As Luke Concannon tells the audience, it has been a strange month for Nizlopi, the two-man outfit he fronts with his double-bass-playing pal John Parker. Taking the same trail blazed earlier this year by the Arctic Monkeys, the Leamington Spa duo, both aged 27, have found that streaming the video for their single "JCB Song" on a website has garnered widespread word-of-mouth praise and a fan-base loyal enough to give them the pre-Christmas No 1 spot.
Apart from delivering another blow to an increasingly fearful and clueless industry, the homemade independently produced record is the only obstacle to the X Factor juggernaut.
On the afternoon before tonight's show Parker and Concannon sat on the couch with Richard and Judy. The week before a TV interviewer asked Luke to send a message to Bush and Blair ("I said chill out and stop bombing people. I hope they broadcast that," he smirks).
Tonight, attempting to reassert business as usual, Luke and John commence without microphones or amplification stood on the floor of the venue. The audience surrounds them while a posse of female photographers capture the moment from the stage.
Audience participation turns out to be a major plank of a Nizlopi performance, with communal sing-alongs encouraged and an ad hoc audience choir invited onstage to add support on "Find Me". As with the closing "I Love You" (partly sung in Korean) the latter doesn't feature on the pair's Half These Songs Are About You debut album.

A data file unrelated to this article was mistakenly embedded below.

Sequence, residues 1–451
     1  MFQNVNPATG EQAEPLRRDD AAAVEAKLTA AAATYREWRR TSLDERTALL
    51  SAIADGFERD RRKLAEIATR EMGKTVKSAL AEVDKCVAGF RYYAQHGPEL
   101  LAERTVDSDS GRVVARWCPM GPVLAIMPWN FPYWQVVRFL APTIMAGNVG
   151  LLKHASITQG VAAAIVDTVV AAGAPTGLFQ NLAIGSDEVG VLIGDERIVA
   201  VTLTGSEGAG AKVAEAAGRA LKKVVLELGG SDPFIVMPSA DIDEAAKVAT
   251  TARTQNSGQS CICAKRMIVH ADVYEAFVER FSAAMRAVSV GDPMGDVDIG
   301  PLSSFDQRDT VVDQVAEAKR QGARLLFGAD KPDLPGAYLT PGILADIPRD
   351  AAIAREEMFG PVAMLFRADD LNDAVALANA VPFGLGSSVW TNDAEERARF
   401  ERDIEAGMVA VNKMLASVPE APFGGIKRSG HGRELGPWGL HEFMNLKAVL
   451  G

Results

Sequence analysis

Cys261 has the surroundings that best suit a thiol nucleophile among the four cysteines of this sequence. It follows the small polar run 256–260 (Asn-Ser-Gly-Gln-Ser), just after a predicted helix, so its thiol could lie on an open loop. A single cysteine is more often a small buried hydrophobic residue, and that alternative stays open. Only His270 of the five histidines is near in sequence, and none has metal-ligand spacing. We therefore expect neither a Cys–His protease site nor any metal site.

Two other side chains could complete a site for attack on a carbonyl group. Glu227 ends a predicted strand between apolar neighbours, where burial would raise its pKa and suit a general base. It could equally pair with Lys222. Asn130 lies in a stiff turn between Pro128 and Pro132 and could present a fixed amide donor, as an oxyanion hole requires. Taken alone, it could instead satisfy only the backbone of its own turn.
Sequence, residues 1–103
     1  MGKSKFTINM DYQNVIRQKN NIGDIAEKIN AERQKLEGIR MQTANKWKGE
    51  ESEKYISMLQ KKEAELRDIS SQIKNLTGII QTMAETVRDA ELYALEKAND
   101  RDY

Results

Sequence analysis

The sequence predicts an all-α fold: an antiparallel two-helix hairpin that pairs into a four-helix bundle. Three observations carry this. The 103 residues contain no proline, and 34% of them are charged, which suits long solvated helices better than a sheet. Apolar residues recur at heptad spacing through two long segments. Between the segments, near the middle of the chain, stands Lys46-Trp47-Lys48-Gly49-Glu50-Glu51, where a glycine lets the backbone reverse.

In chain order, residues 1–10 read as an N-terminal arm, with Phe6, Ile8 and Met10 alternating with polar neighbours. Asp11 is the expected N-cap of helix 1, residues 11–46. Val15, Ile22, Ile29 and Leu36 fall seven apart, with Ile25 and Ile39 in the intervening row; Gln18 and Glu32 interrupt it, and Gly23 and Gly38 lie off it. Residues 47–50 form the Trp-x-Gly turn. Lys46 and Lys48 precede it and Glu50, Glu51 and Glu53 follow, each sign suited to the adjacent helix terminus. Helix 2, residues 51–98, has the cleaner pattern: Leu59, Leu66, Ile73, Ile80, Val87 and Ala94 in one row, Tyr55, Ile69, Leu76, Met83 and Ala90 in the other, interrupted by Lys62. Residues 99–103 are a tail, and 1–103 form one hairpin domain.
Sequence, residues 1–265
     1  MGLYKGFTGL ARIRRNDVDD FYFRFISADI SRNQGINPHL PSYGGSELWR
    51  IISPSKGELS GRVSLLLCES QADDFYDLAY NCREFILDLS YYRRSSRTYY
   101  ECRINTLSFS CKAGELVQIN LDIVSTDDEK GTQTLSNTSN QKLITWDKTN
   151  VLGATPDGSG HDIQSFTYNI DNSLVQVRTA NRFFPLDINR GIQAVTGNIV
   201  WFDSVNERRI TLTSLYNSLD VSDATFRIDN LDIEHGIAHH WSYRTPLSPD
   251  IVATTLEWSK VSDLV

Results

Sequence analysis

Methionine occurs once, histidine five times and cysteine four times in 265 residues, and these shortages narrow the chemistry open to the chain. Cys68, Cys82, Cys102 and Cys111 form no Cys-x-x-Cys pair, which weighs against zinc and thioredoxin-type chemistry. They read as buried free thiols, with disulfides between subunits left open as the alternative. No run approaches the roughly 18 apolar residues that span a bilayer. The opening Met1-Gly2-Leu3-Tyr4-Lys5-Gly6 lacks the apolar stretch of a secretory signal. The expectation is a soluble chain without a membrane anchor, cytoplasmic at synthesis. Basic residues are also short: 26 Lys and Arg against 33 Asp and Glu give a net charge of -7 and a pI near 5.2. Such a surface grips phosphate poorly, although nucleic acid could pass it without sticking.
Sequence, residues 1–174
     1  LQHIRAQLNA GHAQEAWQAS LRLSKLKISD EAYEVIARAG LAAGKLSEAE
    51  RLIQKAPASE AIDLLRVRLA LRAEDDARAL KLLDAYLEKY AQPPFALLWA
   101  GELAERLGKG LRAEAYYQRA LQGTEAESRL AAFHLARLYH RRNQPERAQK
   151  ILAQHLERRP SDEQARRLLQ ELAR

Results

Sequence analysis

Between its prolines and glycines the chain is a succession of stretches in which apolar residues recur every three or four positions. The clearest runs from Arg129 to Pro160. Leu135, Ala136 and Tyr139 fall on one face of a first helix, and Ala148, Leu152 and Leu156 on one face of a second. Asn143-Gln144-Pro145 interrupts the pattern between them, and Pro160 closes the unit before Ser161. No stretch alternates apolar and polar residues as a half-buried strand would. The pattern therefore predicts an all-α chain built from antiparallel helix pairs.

However the formula remains the same - Luke's earnest vocals bolstered by his partner's boisterous bass playing and alternatively sibilant and tongue-popping human beatbox backing. The missing link between coffee-bar folk and homemade hip-hop, Nizlopi are an endearingly simply though hardly world shattering combination.
The image of the plucky little fella rising above his situation, captured in "JCB Song", recurs as Luke introduces the song "Helen", written, he explains, for a waitress encountered on a hiking holiday. Concannon is never afraid to allow the inner child to hold sway. In bare feet, past-the-knee shorts and check shirt, he is open, unaffected and constantly smiling, his face darkening only when he introduces "JCB Song". "People have said this is a novelty song, well they can all shag off," he snarls.
A second-generation Anglo-Irish working-man blues (with its quote from Christy Moore's "Don't Forget Your Shovel'), played live its easy to hear why the song has proved so popular - even before he gets to the bit about eating up the bullies and the teachers.
Whether, come Sunday, the song can eat up Shayne from The X Factor is another matter. But with performances like this - an ebullient blend of naivety, charm and unabashed sentiment - Nizlopi are likely to continue having "a top laugh" long after their present elevation has ended.Reuse content